For all these reasons, I think these types of deals are a risk magnet for MakerDAO. MakerDAO should focus on buying publicly traded bonds, treasuries, public company stocks, etc. where risk is less likely to be hidden, instead of these wonky types of illiquid assets that expose MakerDAO to tremendous information asymmetry and counterparty performance risks.


I don’t entirely disagree, I was asked to help out for this reason. We own and invest in farms, and my Dad was a field agent helping insurance companies place loans on agricultural real estate and now that is also my day job. To help insurance companies and other lenders place loans on quality farm operations.

I assume(d) the model might be more like what a University endowment might do. Keep liquid up to a certain point, and also place money in high quality, longer term, less liquid investments. My concern early on is that a DAO probably doesn’t have the mentality to stick with farmland through a down cycle.

That said, I look at farms (especially in the corn belt)as a bond that pays its dividends in corn and soy. There are advantages to corn dividends in certain economical environments. But your point on bonds is interesting, as I have a distrust of them and generally avoid them at all costs. But we all like what we are comfortable with. Yes, the DAO should stick with what it is comfortable with, though I know that many insurance companies love agricultural investing for the very diversity that it brings.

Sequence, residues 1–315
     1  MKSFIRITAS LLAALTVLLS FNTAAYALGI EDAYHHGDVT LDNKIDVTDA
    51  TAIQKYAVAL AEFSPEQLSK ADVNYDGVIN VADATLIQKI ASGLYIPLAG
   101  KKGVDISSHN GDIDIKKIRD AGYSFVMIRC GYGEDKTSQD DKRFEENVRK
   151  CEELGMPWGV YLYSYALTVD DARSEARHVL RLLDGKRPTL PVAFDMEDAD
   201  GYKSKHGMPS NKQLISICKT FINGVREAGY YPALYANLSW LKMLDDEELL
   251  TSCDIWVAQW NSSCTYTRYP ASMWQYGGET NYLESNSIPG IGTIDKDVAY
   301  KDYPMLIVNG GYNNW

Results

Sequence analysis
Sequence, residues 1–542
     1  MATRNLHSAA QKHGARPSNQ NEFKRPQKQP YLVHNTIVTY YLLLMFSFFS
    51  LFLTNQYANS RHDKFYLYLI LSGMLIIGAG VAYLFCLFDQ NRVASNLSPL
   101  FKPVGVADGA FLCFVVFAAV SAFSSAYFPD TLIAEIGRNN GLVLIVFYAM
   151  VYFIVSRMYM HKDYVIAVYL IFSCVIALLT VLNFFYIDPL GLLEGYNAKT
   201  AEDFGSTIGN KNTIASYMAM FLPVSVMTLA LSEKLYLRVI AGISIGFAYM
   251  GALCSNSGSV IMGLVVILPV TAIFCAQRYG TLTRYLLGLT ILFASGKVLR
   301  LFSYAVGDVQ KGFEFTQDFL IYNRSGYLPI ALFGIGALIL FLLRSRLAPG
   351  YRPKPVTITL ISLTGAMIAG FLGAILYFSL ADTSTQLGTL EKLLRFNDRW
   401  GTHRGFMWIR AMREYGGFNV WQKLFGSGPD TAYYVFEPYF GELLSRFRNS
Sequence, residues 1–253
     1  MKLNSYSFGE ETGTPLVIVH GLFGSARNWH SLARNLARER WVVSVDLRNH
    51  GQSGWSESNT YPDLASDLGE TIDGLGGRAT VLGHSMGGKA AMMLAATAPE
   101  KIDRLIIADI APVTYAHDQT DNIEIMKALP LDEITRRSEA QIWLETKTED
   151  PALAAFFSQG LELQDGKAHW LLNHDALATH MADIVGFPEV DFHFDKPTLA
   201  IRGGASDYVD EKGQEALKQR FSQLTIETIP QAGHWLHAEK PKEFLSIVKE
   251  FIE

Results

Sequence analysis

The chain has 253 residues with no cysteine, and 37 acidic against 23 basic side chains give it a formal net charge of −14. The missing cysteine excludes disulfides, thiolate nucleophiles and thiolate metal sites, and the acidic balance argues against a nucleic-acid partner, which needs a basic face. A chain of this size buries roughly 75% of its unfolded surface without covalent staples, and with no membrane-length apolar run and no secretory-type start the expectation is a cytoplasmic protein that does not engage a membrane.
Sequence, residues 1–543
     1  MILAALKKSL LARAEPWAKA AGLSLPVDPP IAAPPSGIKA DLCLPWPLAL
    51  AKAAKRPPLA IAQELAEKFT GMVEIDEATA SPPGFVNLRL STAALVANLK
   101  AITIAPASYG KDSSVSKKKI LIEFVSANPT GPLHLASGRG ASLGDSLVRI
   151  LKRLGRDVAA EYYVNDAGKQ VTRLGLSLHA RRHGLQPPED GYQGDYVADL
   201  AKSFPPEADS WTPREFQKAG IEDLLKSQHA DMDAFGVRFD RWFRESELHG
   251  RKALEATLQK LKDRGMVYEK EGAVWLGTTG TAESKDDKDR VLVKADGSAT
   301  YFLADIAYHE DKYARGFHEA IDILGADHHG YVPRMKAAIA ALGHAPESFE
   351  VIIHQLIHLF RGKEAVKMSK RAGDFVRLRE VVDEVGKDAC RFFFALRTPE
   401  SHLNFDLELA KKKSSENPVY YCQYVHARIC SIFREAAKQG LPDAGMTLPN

That said, my issue is never really about whether the DAO should or should not invest in agriculture. It is just that they don’t appear to be following the very process that was set out.


Wanted to bump this, as a reminder the poll ends on Wednesday.

Currently vote is quite tight with the majority abstaining. Please lock in your vote before Wednesday if you’d like to influence this Governance process.

As you discuss a path forward…We have learned a great deal about DeFi and it seems to makes a lot of sense to use farmland as collateral for Dai or any other stablecoin because of its own stability as an asset class. So, we remain interested in devising an approach and structure that works for all and are excited about the potential for this opportunity. If it would help advance the discussions and thinking, we are available to have a live conversation about this.


Thanks to those who participated with the additional time provided. This proposal will be live onchain for a poll on Monday (2021-11-15). Voting will last for three days.

@mamoore930 Maybe recommend a live session with a pre-defined agenda. Due to the nature and heated debate, I’d recommend taking the time to collect some questions from the parties that expressed themselves here prior to such session. So we can have a proper thoughtful and constructive session, away from keyboards.